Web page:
Every year around mid-winter, the rowdy student town of Grahamstown in the Eastern Cape takes on a decidedly literary air. The occasion is the annual Grahamstown Festival (the full name is the Grahamstown National Arts Festival), a showcase of South African and international performance in all its incarnations.
Previous years has seen the little town transformed from its drowsy varsity-holiday stupor into a melting pot of excited theatre lovers and a gathering point for South Africa’s established literary greats as well as aspirant newbies. Notorious drinking holes such as the medieval-styled Long Table dust off their furniture and open their doors over the festival period allowing a heady mix of creative spirits and their hangers’ on to drink spirits and dance on the stage cum dance floor cum bar. Alternatively they sit at a candelabra-bedecked long table eating lasagne and making conversation with their neighbours.
There is no doubt that the star of the event is the theatre and an extensive programme is sure to blow 2013 festival goers away just as it has in previous years. If this year is going to be your inaugural fest, you might need some guidance as the sheer volume of performances can be overwhelming.
Navigating the Festival Programme
Throughout the festival two parallel programmes run; the Main and Arena programmes, which generally present higher- profile, mainstream performances and the Fringe programme which presents smaller, alternative productions.
Within the fringe and main programmes, productions are divided into various genres:
- Main & Arena Programme: dance, theatre, student theatre, performance art, music, jazz, exhibition, think!fest (which is a series of panel discussions and debates), film and public art.
- Fringe: dance, physical theatre, comedy, family theatre, drama, performance art, music theatre/ cabaret, classical/recital music, contemporary music, film, visual art and spirit fest.
How on to decide what to see
With so much going on, a festival like this one just breeds FOMO (fear of missing out). The only way to deal with this is to accept early on that you are probably not going to see everything you want to see and still have eating, sleeping and breathing time.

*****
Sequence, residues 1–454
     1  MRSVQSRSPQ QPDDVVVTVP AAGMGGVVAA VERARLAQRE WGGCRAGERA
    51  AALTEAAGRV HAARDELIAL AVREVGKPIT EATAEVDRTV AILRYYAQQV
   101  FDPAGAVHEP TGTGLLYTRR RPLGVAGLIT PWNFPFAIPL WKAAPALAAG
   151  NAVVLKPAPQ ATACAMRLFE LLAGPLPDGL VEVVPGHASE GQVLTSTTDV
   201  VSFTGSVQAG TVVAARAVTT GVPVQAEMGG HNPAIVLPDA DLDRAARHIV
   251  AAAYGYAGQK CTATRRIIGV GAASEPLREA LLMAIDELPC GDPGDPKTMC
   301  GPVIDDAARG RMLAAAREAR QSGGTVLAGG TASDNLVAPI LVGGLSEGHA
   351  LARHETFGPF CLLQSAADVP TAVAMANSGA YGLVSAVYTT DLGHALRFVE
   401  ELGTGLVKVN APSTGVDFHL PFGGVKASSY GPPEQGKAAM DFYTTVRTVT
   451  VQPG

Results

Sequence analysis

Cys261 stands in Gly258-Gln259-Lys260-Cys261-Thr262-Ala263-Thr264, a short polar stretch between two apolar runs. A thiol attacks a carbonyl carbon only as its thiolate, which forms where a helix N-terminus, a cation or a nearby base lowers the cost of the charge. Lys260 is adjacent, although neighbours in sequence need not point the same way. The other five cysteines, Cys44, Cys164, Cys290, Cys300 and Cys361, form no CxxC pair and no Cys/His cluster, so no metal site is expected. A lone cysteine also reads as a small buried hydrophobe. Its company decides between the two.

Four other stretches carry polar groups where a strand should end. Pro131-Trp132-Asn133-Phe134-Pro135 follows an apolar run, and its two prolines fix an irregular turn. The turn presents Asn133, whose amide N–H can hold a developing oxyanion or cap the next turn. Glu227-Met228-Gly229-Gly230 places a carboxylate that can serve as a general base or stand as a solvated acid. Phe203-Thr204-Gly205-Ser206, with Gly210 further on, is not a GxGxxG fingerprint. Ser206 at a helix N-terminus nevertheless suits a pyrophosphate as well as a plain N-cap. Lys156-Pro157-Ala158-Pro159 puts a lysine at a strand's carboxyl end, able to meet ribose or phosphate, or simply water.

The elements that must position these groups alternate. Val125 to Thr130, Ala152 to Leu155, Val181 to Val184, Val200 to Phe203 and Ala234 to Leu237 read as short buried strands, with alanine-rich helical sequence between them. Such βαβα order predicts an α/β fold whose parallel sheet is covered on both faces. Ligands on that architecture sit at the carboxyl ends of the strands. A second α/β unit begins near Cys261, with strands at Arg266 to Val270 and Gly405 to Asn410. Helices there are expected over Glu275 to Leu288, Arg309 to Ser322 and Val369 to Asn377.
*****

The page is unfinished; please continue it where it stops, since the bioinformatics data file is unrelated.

A popular approach with a proven success rate is to peruse the programme online and make a note of the performances, exhibitions, films and speakers which appeal to you. Differentiate between your ‘must-see’ list and your ‘sounds kinda interesting’ list. If your ‘must see’ list features anything by a well-established artist or much-discussed new-comer, book tickets in advance. For the rest, hit the fest with an open mind and your ears to the ground and listen to what other festival-goers are recommending and why. Then, with a mixture of reckless abandon and considered calculation, follow their lead.
Some of our picks for the Graham’s Town National Arts Festival 2013
An Audience with Pieter-Dirk Eish: A long time player in the realm of activism and political satire, Pieter-Dirk Uys (and his alter ego Evita Bezuidenhout) has been making fun of the South African government since before the fall of Apartheid.
For this interactive performance, the comedienne appears on stage with 15 boxes, each representing a character or story (or both) from the past 38 years. A selected audience member chooses a box and depending on the surprise story in the box, the audience will be regaled with a comedic expose or dramatic recounting of a historical event.
Hinterland: This play portrays the imagined meeting between Cecil John Rhodes (Christian, racist and some say closet homosexual) and Sol Plaaitjie (one of the ANC founders and influential African thought-leader). In it, Rhodes arrives in Kimberley, South Africa and is greeted by his new secretary, Sol. Surprisingly, they strike up a friendship which later falls apart as political rifts in a changing South Africa lead to a blow up between the two men.
Woza Albert (main programme): In this South African classic, 2 ordinary characters off the street are portrayed in a tongue-in-cheek look at the ridiculous ways of apartheid. This is done through imagining what might transcribe should Jesus Christ have visited South Africa during the Apartheid days.
Journey (Student theatre): Journey is a dance performance which provided an experimental platform for 4 professional choreographers to work with dance students from the Oakfields College Faculty of Dance and Musical Theatre. The dances were designed through a skills-sharing process.
Bain Brisé (performance art): This sounds totally wacky but worth a watch. Yann Marusich immerses himself in a bathtub of glass shards and over the course of 90 minutes, emerges without so much as a scrape. It’s said that the element of danger is gripping and the glistening reflections of the glass in the lights draws you in.
If you are going to the Grahamstown National Arts Festival this year, hopefully this will help! We can’t wait to hear about your top festival picks! The Festival happens from the 27 June to the 7 July 2013.
Alternatively, peruse Sleeping-OUT to find accommodation in Grahamstown.